Andy Warhol Art installation in the Remington Contemporary Art Gallery, Markham Onatario
"On the second level of the Remington Contemporary Art Gallery is a long rectangular space that had glaring white walls. I remembered a picture Hank O’Neal had created for an exhibition I curated in 2005 that featured his hand colored portraits of Andy Warhol from photographs he’d taken of Andy many years earlier at The Factory. I asked him if he felt his pictures could be enlarged to fill this entire space. I knew Hank was experimenting with enlarging his images digitally and owing to the fact that Warhol was a pioneer in that field I thought it was a natural fit for the space. " ~Shelley M. Shier
The Back Story
In late 1984 Allen Ginsberg told me a man named Jerry Aronson was in the process of making a documentary film about his life and times. In January 1985, Jerry was scheduled to conduct an interview with Andy Warhol about his relationship with Allen and to offer any pertinent observations he might care to make about the noted poet. Allen asked if I could take a portrait of Andy Warhol that might be used as a still in the film. A few weeks later Jerry called and asked as well.
The interview was scheduled for January 15, 1985, at Andy Warhol’s last and final factory, the studio where he created his artwork, located at 22 East 33rd Street. I arrived with the crew and we set up in one of the rooms that made up Andy’s studio complex. There were pictures and works in progress scattered about on the floor and people were working on them.
Andy finally appeared, wearing a black turtleneck sweater, ordinary pants, his silver fright wig and a baseball cap. He sat down in a straight back chair, the lights came on, the cameras rolled, Jerry asked his questions and Andy answered them. Or at least he kind of answered them. I took pictures from various angles, close ups, medium shots and a couple of interiors. At the end of the shoot, he held still for a couple of really ordinary portraits.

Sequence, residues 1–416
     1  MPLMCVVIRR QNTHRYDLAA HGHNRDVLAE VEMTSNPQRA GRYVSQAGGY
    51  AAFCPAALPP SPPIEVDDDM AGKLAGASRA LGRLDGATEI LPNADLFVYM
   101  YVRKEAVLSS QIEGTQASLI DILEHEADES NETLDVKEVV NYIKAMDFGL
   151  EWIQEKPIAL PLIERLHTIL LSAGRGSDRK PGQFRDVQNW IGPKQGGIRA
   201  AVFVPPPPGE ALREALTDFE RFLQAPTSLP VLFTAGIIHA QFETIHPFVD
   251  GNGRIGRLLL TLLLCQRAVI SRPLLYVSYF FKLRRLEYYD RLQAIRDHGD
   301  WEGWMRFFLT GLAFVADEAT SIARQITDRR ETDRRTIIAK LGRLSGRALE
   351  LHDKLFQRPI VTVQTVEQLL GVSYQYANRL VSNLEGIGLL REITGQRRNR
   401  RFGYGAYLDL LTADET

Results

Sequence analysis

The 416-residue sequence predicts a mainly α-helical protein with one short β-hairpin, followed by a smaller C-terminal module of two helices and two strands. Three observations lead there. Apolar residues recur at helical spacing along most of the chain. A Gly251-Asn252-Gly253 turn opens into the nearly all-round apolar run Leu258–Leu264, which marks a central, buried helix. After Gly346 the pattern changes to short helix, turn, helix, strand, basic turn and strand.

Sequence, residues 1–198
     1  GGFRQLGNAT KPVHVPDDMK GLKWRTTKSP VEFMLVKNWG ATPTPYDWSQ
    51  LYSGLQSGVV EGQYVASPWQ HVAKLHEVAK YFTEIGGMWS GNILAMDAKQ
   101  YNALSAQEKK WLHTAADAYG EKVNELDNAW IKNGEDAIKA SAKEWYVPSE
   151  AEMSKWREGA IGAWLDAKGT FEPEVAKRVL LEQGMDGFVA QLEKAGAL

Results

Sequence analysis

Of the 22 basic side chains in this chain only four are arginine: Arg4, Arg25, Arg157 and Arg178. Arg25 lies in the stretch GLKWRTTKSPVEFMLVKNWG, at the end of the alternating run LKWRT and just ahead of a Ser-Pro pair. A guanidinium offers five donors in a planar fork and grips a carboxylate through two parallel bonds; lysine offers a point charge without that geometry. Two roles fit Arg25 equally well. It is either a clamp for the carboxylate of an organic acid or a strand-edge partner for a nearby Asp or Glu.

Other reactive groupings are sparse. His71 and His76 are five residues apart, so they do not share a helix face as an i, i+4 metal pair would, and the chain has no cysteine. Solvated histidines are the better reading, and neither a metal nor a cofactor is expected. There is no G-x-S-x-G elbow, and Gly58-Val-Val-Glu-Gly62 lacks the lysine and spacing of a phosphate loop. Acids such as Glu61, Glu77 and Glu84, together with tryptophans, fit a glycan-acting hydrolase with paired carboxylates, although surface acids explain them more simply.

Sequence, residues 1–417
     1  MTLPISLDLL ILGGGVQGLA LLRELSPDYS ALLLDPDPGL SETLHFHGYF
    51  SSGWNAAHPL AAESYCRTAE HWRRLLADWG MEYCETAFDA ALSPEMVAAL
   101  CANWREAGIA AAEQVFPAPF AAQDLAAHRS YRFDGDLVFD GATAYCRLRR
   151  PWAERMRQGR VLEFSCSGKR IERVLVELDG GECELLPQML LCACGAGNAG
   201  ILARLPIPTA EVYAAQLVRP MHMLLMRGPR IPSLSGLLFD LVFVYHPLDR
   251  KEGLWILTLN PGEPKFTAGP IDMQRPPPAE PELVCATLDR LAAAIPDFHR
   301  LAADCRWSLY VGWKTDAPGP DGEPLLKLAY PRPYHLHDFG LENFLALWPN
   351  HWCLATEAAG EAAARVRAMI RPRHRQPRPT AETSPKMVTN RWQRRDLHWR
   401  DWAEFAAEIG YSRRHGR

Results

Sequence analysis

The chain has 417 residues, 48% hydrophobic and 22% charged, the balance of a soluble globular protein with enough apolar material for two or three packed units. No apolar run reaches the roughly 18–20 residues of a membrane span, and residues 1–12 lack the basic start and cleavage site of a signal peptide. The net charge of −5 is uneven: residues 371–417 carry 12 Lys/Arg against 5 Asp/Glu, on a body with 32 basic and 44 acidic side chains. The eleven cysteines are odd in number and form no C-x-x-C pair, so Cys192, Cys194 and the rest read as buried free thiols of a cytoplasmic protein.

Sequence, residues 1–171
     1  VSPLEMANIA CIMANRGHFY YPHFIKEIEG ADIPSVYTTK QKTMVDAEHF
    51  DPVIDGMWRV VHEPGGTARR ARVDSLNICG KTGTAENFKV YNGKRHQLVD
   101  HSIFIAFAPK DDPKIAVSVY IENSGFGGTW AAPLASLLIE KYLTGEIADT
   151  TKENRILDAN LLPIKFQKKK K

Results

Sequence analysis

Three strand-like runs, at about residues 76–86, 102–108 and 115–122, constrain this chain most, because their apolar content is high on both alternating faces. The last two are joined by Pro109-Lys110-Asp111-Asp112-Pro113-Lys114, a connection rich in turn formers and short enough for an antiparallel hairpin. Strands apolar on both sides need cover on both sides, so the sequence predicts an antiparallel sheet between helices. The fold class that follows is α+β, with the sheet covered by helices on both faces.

I developed my film and had a number of photographs from which to choose but the more I looked at them the more I thought I wanted to play with the almost expressionless portraits I had taken and so I did. I chose the three or four that seemed the most bland and began to color them with transparent water colors, red, yellow and blue. I mixed up the colors and mixed up the pictures. I must have done about 120 small 4” x 4” square photographs.
I then assembled the photographs by hand and mounted them as a ten by ten square grid on illustration board. I was essentially doing what Andy had been doing for so many years but I was doing it with his face, in the primary colors he used with such success. Later I made some double and triple and quadruple exposures of my favorite portrait, but only in black and white. Then I began to play with them in other ways.
In 2005 I began to rethink these photographs for an exhibition in New York City. Computer technology made the difference and I was able to refine the images. I could make the pictures any size I wanted. Later I experimented with prints on canvas, smaller at first and then as large as 52” x 52”.
The latest Andy pictures were done in the summer of 2015, when 42 large prints were created to become a permanent installation on the second level of the Remington Contemporary Art Gallery, a three level public art exhibition space that has become the artistic and visual cornerstone of Downtown Markham, a new cultural center in the greater Toronto area. In addition to the 42 large prints on vinyl, an oversized 52” x 52” Double Andy on canvas is displayed in the same location.